• if you see promotional verbage, converting those words to a more balanced and neutral tone would be a good thing. Removing data which is relevant is not. SamRuby 01:42, 10 June 2007 (UTC)
  2. . It goes into too much technical detail, mixing up highly visible differences (such as the fact that Atom clearly marks content type) with ones that will affect very few users (such as the date format, or the use of XML Namespaces). Most readers will rightly ask "who cares?", missing the Atom important differences in the noise.
    • different people value different things. Perhaps attempting to sort this list into two sections might be a good first step, removing data which is relevant is not a good first step. SamRuby 01:42, 10 June 2007 (UTC)

What does everyone else think? You can see my former rewrite in the article history. David 21:57, 9 June 2007 (UTC)

    • Sam: when you write "relevant", I think you have to consider what audience this information might be relevant to. Wikipedia articles can and do go into some technical detail, but this should not be a low-level technical spec sheet. I know that this list already exists elsewhere, so maybe a short summary of the main points with a pointer to an external site would be the best way to handle it. We've gone through this same kind of problem with articles about airports — as a pilot, I initially added all kinds of information to airport articles (radio frequencies, night lighting, instrument approaches, FBO locations, etc.) which seemed very important to me, but wasn't really appropriate to a general encyclopedia audience, and other editors eventually (and rightly) removed it. And note that when I say that the use of XML Namespaces isn't relevant to this audience, I'm saying it as one of the members of the XML WG that developed the Namespaces spec, so this isn't an anti-XML rant. David 03:30, 10 June 2007 (UTC)
      • Forgive me, but if you check the history, this section recently underwent a significant POV challenge. Now you swoop in, and unilaterally "Rewrite blatantly POV section" (your words, not mine). And when you are asked to identify promotional verbage, you change the subject. SamRuby 21:05, 10 June 2007 (UTC)
        • No forgiveness necessary. I decided not to flag the section as POV this time around, but if we did want to talk about POV issues, the list relentlessly picks at RSS 2.0 for both major and trivial issues simply for the sake of accumulation -- is it really a major issue that RSS does not have an XML schema, for example, or is that there just to make the list longer? -- and omits information that might make RSS look not quite as bad. For example, the list claims that RSS 2.0 cannot be modified, but it omits to mention that the RSS 2.0 spec explicitly allows extension through the use of markup using namespaces. The list compares Atom to RSS 2.0 but not to RSS 1.0, which resolves some of the issues (for example, the problem with reusing elements in other documents, and the problem of escaped markup -- in fact, don't some RSS 2.0 feeds incorporate RSS 1.0 elements?). Over all, the impression is of a list designed not to educate people about differences, but to convince people that Atom is better, picking the angle on each point that puts Atom in the most favorable light. That's not to say that Atom isn't better than RSS -- it's good to have a lot of the ambiguities resolved. It's just that the list is a bit out of place in Wikipedia, since it looks a lot like advocacy (I'm not surprised that it was tagged POV before, and should have checked the history -- thanks for pointing that out). David 00:53, 13 June 2007 (UTC)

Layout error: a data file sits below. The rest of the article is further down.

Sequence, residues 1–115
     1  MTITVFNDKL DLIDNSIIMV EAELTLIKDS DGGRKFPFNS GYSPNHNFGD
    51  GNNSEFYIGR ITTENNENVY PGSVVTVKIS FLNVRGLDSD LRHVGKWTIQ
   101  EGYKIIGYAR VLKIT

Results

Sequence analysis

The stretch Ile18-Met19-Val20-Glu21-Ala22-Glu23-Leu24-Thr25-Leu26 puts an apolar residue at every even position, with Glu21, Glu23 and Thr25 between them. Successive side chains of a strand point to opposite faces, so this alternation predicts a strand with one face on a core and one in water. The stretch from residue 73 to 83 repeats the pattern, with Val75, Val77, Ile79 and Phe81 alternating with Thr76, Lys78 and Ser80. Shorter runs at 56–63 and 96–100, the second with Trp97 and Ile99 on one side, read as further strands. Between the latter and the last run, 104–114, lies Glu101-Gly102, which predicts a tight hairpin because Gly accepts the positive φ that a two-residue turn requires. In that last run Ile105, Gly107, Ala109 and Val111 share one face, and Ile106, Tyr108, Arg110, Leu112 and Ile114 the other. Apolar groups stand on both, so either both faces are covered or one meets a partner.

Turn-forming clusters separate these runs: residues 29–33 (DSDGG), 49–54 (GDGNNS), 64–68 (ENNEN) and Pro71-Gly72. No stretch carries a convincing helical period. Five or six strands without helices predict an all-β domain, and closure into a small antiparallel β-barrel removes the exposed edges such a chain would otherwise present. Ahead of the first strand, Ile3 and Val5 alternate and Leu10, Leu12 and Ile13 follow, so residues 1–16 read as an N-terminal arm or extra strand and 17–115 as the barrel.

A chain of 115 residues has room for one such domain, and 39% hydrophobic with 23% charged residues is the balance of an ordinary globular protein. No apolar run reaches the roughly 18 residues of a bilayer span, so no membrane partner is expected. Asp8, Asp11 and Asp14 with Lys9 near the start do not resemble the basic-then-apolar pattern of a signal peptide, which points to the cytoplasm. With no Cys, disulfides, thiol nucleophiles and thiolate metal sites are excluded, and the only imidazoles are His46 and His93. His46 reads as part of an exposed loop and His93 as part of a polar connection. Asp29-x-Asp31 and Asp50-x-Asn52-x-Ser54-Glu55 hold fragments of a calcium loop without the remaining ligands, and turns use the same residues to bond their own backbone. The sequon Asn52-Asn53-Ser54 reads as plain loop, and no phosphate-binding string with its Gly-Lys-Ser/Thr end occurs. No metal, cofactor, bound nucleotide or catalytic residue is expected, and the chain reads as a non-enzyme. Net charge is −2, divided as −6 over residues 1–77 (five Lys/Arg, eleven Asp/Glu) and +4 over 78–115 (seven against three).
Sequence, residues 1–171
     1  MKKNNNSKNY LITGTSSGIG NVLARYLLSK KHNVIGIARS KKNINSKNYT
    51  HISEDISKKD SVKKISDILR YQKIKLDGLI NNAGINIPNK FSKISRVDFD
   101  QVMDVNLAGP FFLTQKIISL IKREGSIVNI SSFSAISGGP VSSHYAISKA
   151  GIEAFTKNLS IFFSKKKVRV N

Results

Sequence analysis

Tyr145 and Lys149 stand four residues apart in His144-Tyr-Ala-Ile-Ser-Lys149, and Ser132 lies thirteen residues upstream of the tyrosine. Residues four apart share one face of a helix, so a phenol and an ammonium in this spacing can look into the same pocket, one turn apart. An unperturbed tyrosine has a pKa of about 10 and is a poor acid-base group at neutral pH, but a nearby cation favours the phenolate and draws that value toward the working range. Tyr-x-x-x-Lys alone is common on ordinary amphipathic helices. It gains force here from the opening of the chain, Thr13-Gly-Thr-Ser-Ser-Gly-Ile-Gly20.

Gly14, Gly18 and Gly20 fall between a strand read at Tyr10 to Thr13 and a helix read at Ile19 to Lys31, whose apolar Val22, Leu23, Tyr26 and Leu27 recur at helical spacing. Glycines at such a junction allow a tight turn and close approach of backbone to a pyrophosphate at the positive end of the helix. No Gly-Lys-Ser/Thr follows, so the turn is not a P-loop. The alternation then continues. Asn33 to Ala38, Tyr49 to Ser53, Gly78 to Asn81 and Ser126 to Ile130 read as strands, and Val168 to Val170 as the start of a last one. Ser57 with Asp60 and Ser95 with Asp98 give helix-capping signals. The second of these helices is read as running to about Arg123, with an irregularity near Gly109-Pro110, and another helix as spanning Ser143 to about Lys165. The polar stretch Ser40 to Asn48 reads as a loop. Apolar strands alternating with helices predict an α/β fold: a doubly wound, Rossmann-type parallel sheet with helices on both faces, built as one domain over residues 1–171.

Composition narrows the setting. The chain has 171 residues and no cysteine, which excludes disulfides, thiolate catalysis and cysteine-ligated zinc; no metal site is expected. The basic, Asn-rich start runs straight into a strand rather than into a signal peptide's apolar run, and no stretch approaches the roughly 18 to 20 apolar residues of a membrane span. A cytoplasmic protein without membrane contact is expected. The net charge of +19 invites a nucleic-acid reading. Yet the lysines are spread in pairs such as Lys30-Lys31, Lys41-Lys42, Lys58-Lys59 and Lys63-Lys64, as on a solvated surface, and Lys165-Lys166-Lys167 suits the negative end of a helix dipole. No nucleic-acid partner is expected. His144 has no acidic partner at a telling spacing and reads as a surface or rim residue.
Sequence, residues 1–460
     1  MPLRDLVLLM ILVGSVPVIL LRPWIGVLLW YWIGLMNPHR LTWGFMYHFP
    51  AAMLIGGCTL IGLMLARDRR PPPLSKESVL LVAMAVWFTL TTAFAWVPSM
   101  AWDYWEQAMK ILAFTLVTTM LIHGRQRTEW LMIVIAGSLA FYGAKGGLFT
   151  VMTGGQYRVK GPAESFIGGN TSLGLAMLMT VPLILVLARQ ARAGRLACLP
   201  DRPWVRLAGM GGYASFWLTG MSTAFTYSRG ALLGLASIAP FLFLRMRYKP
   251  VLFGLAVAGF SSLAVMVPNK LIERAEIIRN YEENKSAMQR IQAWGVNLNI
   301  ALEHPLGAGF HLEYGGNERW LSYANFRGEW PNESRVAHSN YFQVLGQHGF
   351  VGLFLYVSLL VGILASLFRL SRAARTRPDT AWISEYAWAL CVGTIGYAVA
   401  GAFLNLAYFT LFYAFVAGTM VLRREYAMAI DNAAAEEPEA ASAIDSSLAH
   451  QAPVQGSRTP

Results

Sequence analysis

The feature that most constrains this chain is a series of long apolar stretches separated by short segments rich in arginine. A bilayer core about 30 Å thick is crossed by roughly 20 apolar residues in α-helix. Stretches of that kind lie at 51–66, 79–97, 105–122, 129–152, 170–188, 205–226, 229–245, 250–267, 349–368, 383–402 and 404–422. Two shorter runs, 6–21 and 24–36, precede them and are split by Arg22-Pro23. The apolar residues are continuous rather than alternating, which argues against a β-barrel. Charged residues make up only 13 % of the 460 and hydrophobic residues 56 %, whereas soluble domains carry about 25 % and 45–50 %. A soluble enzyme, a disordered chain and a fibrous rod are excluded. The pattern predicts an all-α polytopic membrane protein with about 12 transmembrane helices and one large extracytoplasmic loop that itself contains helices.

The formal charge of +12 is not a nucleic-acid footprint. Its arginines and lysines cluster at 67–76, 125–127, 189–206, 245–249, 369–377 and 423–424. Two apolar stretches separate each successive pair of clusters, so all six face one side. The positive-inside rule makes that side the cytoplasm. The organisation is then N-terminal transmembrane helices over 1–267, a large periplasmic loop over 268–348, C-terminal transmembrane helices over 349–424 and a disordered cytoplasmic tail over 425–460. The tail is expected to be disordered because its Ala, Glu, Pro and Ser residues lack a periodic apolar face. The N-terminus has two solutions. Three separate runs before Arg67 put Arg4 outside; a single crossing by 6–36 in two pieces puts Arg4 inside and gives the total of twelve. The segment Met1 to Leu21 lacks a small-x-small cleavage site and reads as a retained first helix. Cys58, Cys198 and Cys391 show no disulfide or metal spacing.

Neutrality between Atom and RSS[edit]

Our article on Atom (standard) does not really need to take sides between the two protocols. Here is some existing language that I think might be toned down:

The development of Atom was motivated by the existence of many incompatible versions of the RSS syndication format, all of which had shortcomings, and the poor interoperability of XML-RPC-based publishing protocols.[1]

How about replacing it with this version:

Ben Trott was one of the advocates of the new format that became Atom. He took note of the incompatibility between some versions of the RSS syndication format, and also believed that XML-RPC-based publishing protocols were not sufficiently interoperable.[1]

This attributes the opinion to its owner (Ben Trott) and doesn't make us collect data and references to prove that the dialects of RSS were incompatible, which surely would be time-consuming. Let me know if anyone objects to this change. EdJohnston (talk) 02:43, 24 January 2008 (UTC)

Regarding the first part of that statement, that's like saying: "It's really annoying that Blue-ray and HD DVD are incompatible. I know! Let's create a third DVD format, SuperDVD, that's incompatible with both of them!" Was Ben Trott really making that argument? Because it sounds kind of insane. I read the referenced article, "Why We Need Echo", but didn't see any mention of RSS dialects or incompatibilities. j4_james (talk) 21:08, 2 April 2008 (UTC)

Barriers to adoption[edit]

  • RSS 2.0 support for enclosures [...]

Atom also supports enclosures.

Wooptoo (talk) 01:10, 2 April 2008 (UTC)

This section is trying to explain why Atom didn't take over the world and why RSS still survives. The points are a bit speculative and sourcing could be better. Perhaps someone will get around to improving the section :-). EdJohnston (talk) 03:34, 2 April 2008 (UTC)